Chinese equities have more room for growth

Michael Wen, CIO at CSOP Asset Management, is hugely bullish about the investment outlook for both China-listed A-shares and Hong Kong-listed Chinese stocks.

With the Hang Seng Index surging past the 20,000 mark and closing at 20,624.54 points yesterday, CSOP Asset Management, the Hong Kong subsidiary of China Southern Fund Management proclaims that Hong Kong is the most attractive market with the best prospect for growth in the world.

Michael Wen, CIO at CSOP Asset Management, is hugely bullish about the investment outlook for both China-listed A-shares and Hong Kong-listed Chinese stocks.

Any further discussion about whether the V-shape recovery will succumb to a W-shaped correction is beyond the point at this time, he says. The economic recovery process has just kick-started and is certain to become more visible in the second half of the year, which bodes well for Chinese equities.

The Chinese government's policies, which have initiated the current recovery process, will remain the key driver dictating the direction of China's economic performance.

With the rate of M2 expansion in China already well exceeding the nation's GDP growth, there is no question the Chinese stock markets are already in positive bullish territory. Equities are now in a recovery phase and valuations have just come up to a historical average. With expected earnings growth factored in, price-to-earnings ratios could hardly make Chinese stocks expensive.

Liquidity, while abundant, is not a key driver for China and Hong Kong markets. Neither market has lacked liquidity even in the worst trough of the financial crisis. Rather, the corrections have been based on investor pessimism, which Wen says has been overstated.

Later in the year, he says more laggard economic indicators, such as electricity output in power plants (which only started picking up in June), will converge with the early indicators. As more statistics become available, a new round of analyst upgrades for Chinese stocks is on the horizon, and should help reinforce positive sentiment for both A-shares and Hong Kong-listed H-shares and red-chips.

In the domestic property market, developers' inventory is close to the bottom, and Wen says more property developers will miss out on the traditional peak season for new property sales in September to October. He says both state-owned and private real estate developers that he has been in touch with are very optimistic about property prices surging due to supply tension in the second half. The trend will likely feed back into the material and construction sectors.

Funding through local credit channels remains healthy. Chinese banks and corporates, unlike those in Western countries, are not at risk of over-gearing at this point. The China Banking Regulatory Commission has strict requirements that Chinese banks stay within a limit of 75% loan-to-saving ratio. (The industry average is in the mid-60s currently.)

Rather, there is a risk that Chinese banks will face thinning margins as a steeper yield curve may later emerge in China. The total size of Chinese corporates' indebtedness to bank loans is just about Rmb2 trillion ($256 billion), he notes. More companies have been able to diversify their funding source to include corporate bonds and commercial paper issuance.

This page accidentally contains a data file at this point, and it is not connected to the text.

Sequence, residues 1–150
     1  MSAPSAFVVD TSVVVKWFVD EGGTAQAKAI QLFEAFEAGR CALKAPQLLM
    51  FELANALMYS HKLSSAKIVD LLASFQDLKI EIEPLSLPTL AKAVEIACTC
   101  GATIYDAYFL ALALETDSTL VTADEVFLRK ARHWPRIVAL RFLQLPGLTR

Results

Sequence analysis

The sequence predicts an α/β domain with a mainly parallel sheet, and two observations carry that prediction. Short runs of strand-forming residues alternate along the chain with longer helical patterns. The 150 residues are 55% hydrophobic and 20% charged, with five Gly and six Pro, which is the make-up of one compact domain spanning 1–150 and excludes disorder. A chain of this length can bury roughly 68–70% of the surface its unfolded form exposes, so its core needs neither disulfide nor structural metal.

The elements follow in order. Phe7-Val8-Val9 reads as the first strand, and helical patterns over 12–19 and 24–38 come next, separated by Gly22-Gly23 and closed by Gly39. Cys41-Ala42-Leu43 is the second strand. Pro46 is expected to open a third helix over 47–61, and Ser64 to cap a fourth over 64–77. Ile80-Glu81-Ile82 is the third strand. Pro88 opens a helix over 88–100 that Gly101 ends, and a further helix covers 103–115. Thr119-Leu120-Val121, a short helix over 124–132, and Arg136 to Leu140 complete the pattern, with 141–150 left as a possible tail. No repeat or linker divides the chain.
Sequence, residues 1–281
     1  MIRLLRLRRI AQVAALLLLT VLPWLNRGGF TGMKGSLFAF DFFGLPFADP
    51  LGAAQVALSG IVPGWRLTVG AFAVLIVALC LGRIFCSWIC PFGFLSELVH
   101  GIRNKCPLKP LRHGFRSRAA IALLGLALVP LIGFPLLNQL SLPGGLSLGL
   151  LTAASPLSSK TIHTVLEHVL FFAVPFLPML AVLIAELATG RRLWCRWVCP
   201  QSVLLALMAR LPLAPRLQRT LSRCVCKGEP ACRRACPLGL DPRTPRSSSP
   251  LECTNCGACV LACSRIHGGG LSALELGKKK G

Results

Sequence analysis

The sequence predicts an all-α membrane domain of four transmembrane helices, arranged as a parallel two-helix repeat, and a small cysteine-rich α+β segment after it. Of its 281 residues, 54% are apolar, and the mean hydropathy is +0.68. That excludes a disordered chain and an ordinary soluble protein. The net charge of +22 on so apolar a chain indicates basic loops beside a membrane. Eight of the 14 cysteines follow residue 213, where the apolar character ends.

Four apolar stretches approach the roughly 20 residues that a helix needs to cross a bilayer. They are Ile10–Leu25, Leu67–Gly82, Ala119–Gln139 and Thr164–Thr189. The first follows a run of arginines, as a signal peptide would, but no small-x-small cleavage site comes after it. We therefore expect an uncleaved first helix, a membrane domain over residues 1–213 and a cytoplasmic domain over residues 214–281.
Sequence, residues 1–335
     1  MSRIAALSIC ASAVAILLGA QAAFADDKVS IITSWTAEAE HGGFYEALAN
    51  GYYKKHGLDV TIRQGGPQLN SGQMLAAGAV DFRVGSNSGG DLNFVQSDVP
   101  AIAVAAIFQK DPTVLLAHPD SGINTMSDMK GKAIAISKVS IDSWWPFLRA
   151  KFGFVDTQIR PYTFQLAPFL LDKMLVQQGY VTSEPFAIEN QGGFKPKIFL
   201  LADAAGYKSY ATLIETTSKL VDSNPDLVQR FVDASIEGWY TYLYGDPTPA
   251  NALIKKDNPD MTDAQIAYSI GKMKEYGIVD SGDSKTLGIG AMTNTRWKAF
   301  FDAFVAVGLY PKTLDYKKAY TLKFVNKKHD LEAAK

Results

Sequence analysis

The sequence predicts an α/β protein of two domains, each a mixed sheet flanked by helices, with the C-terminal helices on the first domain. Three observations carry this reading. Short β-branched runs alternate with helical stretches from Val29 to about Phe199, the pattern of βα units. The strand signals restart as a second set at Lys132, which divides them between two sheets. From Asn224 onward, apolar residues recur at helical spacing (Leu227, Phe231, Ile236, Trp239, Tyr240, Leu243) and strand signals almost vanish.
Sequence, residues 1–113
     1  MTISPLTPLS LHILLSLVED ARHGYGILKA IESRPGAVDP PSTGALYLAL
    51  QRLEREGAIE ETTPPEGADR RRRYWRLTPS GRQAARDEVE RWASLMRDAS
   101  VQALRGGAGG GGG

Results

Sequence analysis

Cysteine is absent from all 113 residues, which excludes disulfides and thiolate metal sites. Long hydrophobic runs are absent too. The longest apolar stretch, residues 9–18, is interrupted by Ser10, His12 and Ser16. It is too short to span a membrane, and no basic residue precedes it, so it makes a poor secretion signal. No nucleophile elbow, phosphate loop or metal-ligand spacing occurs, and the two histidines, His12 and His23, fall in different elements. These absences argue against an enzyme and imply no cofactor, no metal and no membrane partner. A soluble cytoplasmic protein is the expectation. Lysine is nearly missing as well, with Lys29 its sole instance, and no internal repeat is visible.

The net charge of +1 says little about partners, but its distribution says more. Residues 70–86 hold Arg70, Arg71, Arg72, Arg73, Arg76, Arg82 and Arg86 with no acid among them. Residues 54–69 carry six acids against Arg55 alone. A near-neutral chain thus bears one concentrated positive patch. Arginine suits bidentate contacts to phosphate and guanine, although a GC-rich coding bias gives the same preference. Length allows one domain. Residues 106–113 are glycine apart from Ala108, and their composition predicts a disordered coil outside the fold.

He predicts new credit expansion will slow in the second half, as the market becomes saturated with new capital. In the first half, Chinese banks issued some Rmb7.3 trillion ($936 billion) worth of new loans. Wen believes the total new credit made in the whole year will round off to about Rmb10 trillion ($1.3 trillion). He notes the slowdown will be a natural process and should have little impact on sentiment for equities.

As the key offshore settlement centre for renminbi trades, Hong Kong will benefit from China's strengthening fiscal position. The engine for renminbi appreciation is just restarting. Over the long-term, the continued strengthening of the currency will help lift corporate earnings in Chinese firms listed in the city.

Wen says more Chinese investors are eyeing cheap valuations in Hong Kong-listed H-shares and red-chips, compared to what's available in mainland A-shares. CSOP is positive the Hong Kong equities market will receive a further boost from its plans to integrate with the economy in the Pearl Delta region.

Wen says it is unlikely that the Chinese government will make a significant departure from its policies to support the economy. However, policies are subject to change and the key risks to watch out for will be any mass-scale exit of capital from the market, or an out-of-control growth in property market prices, which will likely lead the government to start implementing tightening policies.

He says US Federal Reserve chairman Ben Bernanke has told the world how the Fed intends to exit the market, but not when. The timing is now closely monitored by investors. Until the US central bank starts making moves to tighten rates, however, it is unlikely that China will do so as well.

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